3. Karstification and Highly Permeability of Geological Layers

The basic properties of geological formations are karstification and, of course, the permeability and the availability of water resources. Permeability is the property or capacity of a porous rock, sediment or soil for transmitting a fluid without impairment of the medium; it is a measure of the relative ease of flow under unequal pressure. Intrinsic permeability is the permeability of rock independent of fluid properties (adapted from Reference [24]). Among climatic conditions and land use, local geology is highly affecting the water availability.
Limestone (marble) deposits are almost always in areas with very little silica-rich sedimentation, reflected in the relative purity of most limestones (Figure 3). Unlike clastic sedimentary rock, limestone is produced almost entirely from sediments originating at or near the place of deposition [25].
Karst is most strongly developed in dense carbonate rock, such as limestone, that is thinly bedded and highly fractured. Variations in porosity and permeability due to diagenetic processes in the paleokarst zones in several areas of the world. In some places it is shown that a tremendous amount of complicated diagenetic processes have had a great impact on both the porosity and permeability of the rock [26]. In addition, it is shown that porosity and permeability had no clear trends within the 12 m layer, and the highest porosity and permeability occurred in the deepest unit of the studied chalky dolostone.
Karst is not typically well developed in chalk, because chalk is highly porous rather than dense, so the flow of groundwater is not concentrated along fractures. Karst is also most strongly developed where the water table is relatively low, such as in uplands with entrenched valleys, and where rainfall is moderate to heavy. This contributes to rapid downward movement of groundwater, promoting dissolution of the bedrock, whereas standing groundwater becomes saturated with carbonate minerals and ceases to dissolve the bedrock [27].
The world’s largest limestone karst is Australia’s Nullarbor Plain. Slovenia has the world’s highest risk of sinkholes, while the Western Highland Rim in the Eastern USA is at the second-highest risk of karst sinkholes. Moreover, in Canada, Wood Buffalo National Park, NWT contains areas of karst sinkholes [28]. Mexico hosts important karst regions in the Yucatán Peninsula and Chiapas.
Figure 3. A limestone deposit in the Dinaric Alps near Sinj, Croatia [29].
Figure 3. A limestone deposit in the Dinaric Alps near Sinj, Croatia [29].
Water 14 00462 g003
A previous study [30] considered that karstification below the sea level in Lebanon and around the Mediterranean was developed during the Messinian crisis of salinity. It considers that the Messinian Crisis of Salinity (MCS), which is a major event which occurred 5.3 M years ago, allowed the development of valleys and karst very lowly below present sea-level. Ignored by hydrogeologists and karstologists until the 1990s, the MCS is now considered to be a major period for developing karst conduits at great depth below the present sea level. The littoral karst system in Lebanon, and its large submarine springs are taken as an example to show the functioning of such coastal aquifers.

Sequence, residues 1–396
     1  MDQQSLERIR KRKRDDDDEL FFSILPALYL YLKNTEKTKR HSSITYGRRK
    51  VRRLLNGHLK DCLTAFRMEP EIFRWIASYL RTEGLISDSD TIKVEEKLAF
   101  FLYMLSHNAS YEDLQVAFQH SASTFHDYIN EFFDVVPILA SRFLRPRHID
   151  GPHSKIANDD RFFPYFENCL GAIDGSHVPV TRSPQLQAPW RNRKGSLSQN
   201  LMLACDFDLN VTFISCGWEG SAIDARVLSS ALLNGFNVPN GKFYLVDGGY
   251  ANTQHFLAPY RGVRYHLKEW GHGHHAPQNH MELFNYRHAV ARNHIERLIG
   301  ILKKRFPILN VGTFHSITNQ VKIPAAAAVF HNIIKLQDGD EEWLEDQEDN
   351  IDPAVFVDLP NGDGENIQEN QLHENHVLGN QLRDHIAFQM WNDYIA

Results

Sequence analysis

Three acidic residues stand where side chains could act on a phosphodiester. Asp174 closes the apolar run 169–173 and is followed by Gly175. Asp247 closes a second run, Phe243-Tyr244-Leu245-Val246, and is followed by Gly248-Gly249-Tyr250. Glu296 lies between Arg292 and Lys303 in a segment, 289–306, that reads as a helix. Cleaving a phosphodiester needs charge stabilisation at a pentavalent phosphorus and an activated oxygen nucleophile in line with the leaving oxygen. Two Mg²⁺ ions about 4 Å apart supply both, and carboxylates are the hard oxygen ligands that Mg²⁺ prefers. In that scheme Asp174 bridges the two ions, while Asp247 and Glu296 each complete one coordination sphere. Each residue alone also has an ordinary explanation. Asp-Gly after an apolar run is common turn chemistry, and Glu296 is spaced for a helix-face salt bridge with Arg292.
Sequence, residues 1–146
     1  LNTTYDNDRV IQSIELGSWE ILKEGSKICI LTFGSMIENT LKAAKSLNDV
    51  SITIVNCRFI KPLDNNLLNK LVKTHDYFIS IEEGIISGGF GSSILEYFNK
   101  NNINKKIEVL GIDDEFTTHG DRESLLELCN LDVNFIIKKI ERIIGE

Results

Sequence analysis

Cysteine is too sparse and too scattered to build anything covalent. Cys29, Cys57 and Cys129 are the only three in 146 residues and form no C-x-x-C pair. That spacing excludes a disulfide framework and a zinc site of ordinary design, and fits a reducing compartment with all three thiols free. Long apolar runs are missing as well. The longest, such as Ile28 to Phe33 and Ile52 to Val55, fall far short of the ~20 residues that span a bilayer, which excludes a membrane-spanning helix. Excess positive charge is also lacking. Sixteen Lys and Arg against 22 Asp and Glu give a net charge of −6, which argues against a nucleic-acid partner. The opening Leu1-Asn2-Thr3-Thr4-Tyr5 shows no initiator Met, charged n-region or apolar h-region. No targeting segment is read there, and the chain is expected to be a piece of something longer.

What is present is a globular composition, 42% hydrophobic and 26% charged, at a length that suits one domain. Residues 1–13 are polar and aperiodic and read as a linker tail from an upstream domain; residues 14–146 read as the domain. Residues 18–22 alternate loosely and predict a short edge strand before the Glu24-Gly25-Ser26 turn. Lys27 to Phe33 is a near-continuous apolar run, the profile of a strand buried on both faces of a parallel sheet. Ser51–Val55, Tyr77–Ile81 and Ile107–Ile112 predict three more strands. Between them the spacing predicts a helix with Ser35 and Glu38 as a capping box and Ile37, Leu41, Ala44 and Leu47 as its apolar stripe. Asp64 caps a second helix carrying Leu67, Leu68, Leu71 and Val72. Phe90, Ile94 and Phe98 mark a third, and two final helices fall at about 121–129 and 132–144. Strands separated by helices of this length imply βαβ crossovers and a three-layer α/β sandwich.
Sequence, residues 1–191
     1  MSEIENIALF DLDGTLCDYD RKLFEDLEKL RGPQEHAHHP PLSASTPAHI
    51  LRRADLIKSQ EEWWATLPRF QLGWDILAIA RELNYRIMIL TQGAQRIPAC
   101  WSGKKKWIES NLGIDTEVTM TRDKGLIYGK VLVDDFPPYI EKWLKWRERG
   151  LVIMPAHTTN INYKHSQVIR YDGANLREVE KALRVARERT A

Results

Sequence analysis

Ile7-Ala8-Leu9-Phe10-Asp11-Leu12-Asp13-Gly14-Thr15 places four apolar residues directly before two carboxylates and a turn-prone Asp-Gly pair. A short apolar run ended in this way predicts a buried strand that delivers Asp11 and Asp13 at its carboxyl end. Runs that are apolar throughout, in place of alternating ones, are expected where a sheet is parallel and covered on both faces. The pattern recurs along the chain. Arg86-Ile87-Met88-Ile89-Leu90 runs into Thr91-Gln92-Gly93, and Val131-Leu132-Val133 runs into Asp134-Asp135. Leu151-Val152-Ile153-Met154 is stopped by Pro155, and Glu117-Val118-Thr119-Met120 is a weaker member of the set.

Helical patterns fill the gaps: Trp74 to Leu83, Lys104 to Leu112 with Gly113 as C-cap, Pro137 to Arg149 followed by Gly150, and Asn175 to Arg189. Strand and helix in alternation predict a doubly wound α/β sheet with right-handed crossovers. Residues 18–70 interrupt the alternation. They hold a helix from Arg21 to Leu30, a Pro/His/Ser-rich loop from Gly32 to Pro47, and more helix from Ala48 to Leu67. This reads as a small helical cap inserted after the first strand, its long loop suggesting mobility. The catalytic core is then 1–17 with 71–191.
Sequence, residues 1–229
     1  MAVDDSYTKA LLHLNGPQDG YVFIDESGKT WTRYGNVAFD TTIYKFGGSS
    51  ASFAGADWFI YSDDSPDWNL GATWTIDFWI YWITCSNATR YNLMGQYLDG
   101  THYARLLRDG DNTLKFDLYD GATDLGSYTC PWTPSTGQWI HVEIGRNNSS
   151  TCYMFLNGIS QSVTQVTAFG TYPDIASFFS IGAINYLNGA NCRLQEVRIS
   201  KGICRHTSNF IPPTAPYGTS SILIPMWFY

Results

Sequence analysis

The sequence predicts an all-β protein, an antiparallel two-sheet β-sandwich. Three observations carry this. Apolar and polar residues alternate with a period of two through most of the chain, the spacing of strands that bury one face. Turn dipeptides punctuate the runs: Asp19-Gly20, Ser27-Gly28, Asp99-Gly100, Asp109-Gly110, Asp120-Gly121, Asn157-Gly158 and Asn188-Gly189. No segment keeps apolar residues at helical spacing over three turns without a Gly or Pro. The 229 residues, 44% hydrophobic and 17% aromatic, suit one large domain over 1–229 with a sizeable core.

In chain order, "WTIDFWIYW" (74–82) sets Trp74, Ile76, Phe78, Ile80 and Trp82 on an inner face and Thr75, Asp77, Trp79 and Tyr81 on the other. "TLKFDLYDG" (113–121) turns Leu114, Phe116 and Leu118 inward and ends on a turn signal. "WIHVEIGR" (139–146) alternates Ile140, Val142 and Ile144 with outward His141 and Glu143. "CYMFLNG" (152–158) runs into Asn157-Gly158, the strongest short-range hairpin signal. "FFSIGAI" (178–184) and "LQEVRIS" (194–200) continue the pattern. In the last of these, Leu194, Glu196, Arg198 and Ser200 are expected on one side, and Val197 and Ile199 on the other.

Seawater intrusion into the littoral aquifers exists in many coastal areas of the world, particularly in karst regions. Freshwater quantities, which are, in this way, lost for human use, are significant. It is estimated that, in the Mediterranean coastal karst area, these amounts are approximately 25 × 109 m3 annually [31].
Another reason of water loss in Crete is deep karstification, which extends below the current sea level and this apparently can cause the direct discharge and loss of water. Deep boreholes in the Plattenkalk series at the western piedmonts of Dikti mountain in Crete revealed active karstification in elevations ranging from 60 to 150 m below the mean sea level [32].
Major problems with karst aquifers in Crete are sea intrusion and brackish ground water in littoral areas and direct discharge of groundwater below the sea level in continental regions. The latter seems to be related to the ways of facing scarcity of water resources in karst places under high atmospheric precipitation. A recent overview of karst system research in Greece is provided by Reference [33] and tested the application of geophysical methods in combination with pumping tests that provide a cost-effective and efficient alternative to estimate aquifer parameters. A recent study provided valuable guidance on predicting the groundwater reserves in aquifers with a similar hydrogeological regime [34]. This is a possible explanation for littoral aquifers; however, in the case of inland mountains, such as Lefka Ori, Lasithi Plateau and Sfakia, deep kartification and high permeability could be due to the sea level lowering by 130 to 150 m during repeated glacial periods in the Quaternary.

4. Physical Settings

4.1. Climate